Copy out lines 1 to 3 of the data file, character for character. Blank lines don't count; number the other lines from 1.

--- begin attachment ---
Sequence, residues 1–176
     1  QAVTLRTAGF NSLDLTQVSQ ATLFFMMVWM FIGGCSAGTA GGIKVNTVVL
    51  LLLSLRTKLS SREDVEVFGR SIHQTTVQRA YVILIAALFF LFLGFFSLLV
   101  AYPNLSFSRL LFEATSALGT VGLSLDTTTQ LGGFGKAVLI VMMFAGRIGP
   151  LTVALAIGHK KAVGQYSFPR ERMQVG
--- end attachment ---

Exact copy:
Sequence, residues 1–176
     1  QAVTLRTAGF NSLDLTQVSQ ATLFFMMVWM FIGGCSAGTA GGIKVNTVVL
    51  LLLSLRTKLS SREDVEVFGR SIHQTTVQRA YVILIAALFF LFLGFFSLLV